There's a song in Sara Storer's heart that she hopes will take centre stage at Tamworth later this month. She talks to JODIE O'SULLIVAN about music, motherhood and all those Golden Guitar awards.
Turning into the gateway of Sara Storer’s property at Bowna, I’m rather grateful to be behind the wheel of a four-wheel drive..
As I navigate the winding, corrugated gravel road that leads to the homestead, I can’t help but think how appropriate it is that one of Australia’s most successful country music stars calls this place home.
And, much like the celebrated songstress herself, the rambling home she shares with her husband Dave and four boisterous sons is welcoming, gorgeously rustic and refreshingly real.
I meet her youngest, Joe, as I pull into the shed; he’s barefoot and playing happily in the dirt with a deceptively cherubic grin, bright blue eyes and curly blonde hair.
I sense mischief is never far from his mind.
A never-ending stream of clothes hangs along the backyard fence; Sara grins ruefully when i remark on the makeshift washing line.
Over a cup of coffee and a corned beef sandwich, we talk about music, motherhood and what it means exactly to be an award-winning artist.
It’s probably the most pertinent question ahead of the 2017 Tamworth Country Music Festival, starting on January 20, where Sara is nominated for a staggering six awards.
It’s nothing new to the popular singer with 19 Golden Guitars already to her credit and now a much-coveted ARIA Award for Best Country Album in 2016.
But what’s abundantly clear, once you spend even five minutes with this down-to-earth gal, is none of it is about the accolades.
So when she says one nomination this year is particularly close to her heart, you know there’s a story in it … well, in this case, a song.
My Diamond is nominated for Song of the Year and Vocal Collaboration of the Year and was co-written with her five siblings as a tribute to their father Lindsay, 75.
Sara performs the song as a duet with older brother Greg on Silos (also up for Album of the Year) and it’s the one she’s proudest of.
“Of all the times I have been up for nomination, this is a song that truly represents what I do and why I write,” Sara says.
It was during a visit to her parents’ farm at Warren that Sara spotted some of her farmer brother’s lyrics lying on a table.
“They were about Dad and they were just beautiful,” Sara recalls.
“I asked Greg if I could add to them and then asked all our siblings to contribute random lines capturing the things they treasured most about Dad.
“I wanted to keep it as raw as possible with quotes and memories.
“But I think the song also encourages the listener to think about their relationship with their own father.”
Sara credits her dad with teaching her to really listen to music.
Growing up she recalls the stomp, stomp, stomp in the morning as her dad made his way to the kitchen where he always sang.
“He’d sing and play the piano accordion and he’d often say, ‘Listen to this line, isn’t it bloody beautiful?’” Sara recalls.
“He unconsciously taught me big lessons.”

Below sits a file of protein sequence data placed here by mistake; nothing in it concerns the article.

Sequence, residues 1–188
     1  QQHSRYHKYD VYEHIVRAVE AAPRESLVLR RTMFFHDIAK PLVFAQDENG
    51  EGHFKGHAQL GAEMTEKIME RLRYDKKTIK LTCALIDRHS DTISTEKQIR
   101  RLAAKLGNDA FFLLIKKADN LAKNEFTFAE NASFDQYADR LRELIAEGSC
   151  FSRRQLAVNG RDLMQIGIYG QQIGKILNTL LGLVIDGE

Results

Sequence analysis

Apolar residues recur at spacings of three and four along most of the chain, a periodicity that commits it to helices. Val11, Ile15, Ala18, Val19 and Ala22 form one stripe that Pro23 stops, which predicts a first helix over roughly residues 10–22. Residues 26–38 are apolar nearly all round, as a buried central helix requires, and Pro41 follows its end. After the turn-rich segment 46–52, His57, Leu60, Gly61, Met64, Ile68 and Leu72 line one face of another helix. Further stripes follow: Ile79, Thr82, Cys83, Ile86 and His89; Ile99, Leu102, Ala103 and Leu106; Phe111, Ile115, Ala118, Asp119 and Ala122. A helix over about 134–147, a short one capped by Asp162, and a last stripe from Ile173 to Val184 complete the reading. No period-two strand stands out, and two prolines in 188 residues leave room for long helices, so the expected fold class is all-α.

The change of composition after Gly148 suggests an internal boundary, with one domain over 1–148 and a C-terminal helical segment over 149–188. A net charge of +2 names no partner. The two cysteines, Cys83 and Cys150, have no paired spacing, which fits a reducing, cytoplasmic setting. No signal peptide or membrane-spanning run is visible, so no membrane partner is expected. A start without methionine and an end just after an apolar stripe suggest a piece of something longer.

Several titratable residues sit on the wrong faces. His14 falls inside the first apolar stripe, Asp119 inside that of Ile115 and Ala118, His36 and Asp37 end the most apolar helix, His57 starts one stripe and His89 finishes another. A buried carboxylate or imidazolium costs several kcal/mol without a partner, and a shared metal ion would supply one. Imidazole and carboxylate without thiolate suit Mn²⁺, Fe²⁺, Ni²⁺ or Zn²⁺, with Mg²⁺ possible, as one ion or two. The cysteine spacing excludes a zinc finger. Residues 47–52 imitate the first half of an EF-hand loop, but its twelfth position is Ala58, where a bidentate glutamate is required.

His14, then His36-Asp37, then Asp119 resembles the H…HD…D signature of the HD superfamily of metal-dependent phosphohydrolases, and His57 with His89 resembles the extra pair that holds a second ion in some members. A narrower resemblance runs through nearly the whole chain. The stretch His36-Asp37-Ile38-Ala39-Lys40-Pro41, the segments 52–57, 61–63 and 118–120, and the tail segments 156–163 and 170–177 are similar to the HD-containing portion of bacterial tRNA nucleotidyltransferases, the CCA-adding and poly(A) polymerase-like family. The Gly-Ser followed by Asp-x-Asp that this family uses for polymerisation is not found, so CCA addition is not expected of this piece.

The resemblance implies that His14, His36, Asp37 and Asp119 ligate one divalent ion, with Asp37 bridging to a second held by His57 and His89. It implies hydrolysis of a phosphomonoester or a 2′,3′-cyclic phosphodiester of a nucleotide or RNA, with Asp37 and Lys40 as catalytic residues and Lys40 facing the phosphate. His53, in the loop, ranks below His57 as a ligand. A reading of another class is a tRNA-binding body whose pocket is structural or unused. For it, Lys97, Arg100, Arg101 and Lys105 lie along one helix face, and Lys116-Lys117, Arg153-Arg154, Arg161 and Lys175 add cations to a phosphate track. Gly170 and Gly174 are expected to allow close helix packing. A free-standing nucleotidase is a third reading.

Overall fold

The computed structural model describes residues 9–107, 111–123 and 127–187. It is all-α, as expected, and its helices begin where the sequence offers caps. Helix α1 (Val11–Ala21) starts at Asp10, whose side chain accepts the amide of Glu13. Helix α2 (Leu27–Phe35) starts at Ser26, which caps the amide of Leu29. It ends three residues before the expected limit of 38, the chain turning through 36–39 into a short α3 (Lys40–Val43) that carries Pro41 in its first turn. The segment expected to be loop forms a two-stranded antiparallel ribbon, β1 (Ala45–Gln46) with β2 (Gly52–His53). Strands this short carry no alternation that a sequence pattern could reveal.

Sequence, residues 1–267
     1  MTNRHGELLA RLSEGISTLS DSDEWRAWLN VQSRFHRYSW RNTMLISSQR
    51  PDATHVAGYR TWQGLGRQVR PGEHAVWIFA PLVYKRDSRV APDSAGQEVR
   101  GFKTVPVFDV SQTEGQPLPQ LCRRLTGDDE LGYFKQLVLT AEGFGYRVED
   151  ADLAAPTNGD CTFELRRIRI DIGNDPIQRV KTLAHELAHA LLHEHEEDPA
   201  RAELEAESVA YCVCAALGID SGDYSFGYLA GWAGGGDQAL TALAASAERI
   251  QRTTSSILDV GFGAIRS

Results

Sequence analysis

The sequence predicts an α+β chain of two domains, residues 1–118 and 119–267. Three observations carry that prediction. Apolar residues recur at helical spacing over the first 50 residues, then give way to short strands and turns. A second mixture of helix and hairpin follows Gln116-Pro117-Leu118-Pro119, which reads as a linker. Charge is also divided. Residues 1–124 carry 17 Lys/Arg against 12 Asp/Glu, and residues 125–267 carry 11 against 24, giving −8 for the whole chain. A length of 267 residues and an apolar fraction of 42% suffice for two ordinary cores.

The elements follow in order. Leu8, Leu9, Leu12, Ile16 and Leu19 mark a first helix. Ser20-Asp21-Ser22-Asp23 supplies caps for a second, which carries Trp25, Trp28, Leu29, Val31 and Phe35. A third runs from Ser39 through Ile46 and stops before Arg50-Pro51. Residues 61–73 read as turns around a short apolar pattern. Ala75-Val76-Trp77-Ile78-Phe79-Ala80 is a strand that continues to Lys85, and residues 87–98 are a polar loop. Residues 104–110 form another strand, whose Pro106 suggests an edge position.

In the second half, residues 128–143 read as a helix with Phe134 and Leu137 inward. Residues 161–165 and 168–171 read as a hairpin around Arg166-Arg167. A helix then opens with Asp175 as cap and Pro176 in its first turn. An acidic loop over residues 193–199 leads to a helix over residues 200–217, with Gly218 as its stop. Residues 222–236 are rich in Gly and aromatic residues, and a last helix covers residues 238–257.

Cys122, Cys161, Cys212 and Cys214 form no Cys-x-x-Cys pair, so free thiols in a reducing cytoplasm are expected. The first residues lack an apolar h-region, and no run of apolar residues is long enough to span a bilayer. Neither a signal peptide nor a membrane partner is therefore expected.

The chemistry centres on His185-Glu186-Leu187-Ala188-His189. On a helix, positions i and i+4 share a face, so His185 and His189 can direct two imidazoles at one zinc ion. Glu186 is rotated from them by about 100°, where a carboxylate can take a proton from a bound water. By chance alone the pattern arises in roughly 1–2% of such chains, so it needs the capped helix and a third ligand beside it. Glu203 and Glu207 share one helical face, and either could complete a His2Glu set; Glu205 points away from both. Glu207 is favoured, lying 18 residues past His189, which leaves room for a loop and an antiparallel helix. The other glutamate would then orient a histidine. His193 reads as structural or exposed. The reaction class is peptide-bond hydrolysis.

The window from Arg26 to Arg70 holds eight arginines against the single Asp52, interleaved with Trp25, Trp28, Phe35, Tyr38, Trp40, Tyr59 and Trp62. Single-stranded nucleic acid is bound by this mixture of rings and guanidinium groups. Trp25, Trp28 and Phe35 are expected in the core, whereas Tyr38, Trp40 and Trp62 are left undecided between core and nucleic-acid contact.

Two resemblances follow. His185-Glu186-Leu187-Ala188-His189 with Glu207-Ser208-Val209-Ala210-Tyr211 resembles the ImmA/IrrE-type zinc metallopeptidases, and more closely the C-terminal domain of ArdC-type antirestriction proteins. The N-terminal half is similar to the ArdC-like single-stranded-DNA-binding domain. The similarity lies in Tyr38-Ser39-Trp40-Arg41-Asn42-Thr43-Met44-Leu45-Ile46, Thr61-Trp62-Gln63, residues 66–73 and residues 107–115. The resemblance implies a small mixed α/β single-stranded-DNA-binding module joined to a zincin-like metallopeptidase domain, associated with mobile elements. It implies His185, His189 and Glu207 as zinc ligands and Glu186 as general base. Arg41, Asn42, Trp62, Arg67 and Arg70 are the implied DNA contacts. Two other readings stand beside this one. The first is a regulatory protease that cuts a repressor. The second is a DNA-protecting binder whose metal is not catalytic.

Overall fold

Sara, who is self-taught and plays by ear, grew up on a small farm in the Mallee.
When she was 18, her father and mother Fay sold up and bought a 17,000-acre property at Warren so the three boys could be farmers – “they still get along”, Sara quips.
Her connection to the land and its people threads its way through Sara’s writing; a pulsing vein that brings her songs to life.
“The easiest way for me to write a song is if I can hear the rain on the tin roof, see the characters in front of me and smell the smells of the land,” she explains.
It may explain why inspiration for a song is not something she can force.
A “normal day” sees Sara juggling the boys off to school or pre-school, hanging out a mountain of washing on the back fence and contemplating the horrors of housework.
But if she senses “a song lurking in my mind”, the dishes stay dirty while she pours her energy into the magic of creativity.
“It’s exciting and spontaneous and you have to capture it,” Sara explains.
“When I didn’t have kids, I’d slog away at a song and it could be frustrating.
“Now if the boys are playing quietly, I might quickly run back and see if I can get another line down. It keeps me fresh.”
There was a time when, behind closed doors, Sara pulled the pin.
“I thought I just couldn’t do it all and my priorities had to be my kids,” she says.
“But Dave looked at my sadness and my bad mood and said, ‘What do we need to do to make it work for you?’”
They employed a nanny and Sara wrote another album.
“If I don’t write and sing I’m denying who I am - my kids (and my husband) enjoy me more when I’m doing my music.”
These days, though, Sara is very selective about when and where she performs.
Tamworth is a staple on the calendar and she will perform two shows this year, including one with Greg at the Longyard Hotel on January 28. Closer to home she will join the Kickin’ Country line-up at the Commerical Club Albury on February 11.
Right now her sights are set on one award that would hold a special place in her family’s heart.
Her dad is unlikely to make the long trip for country music’s night of nights – 10 years of kidney dialysis “is wearing him out”.
“Wouldn’t it be cool if all my brothers and sisters won a Golden Guitar for a song about our dad?” Sara asks.
You can’t help but hope there’s a string of statues lining the mantelpiece at Warren come Sunday morning.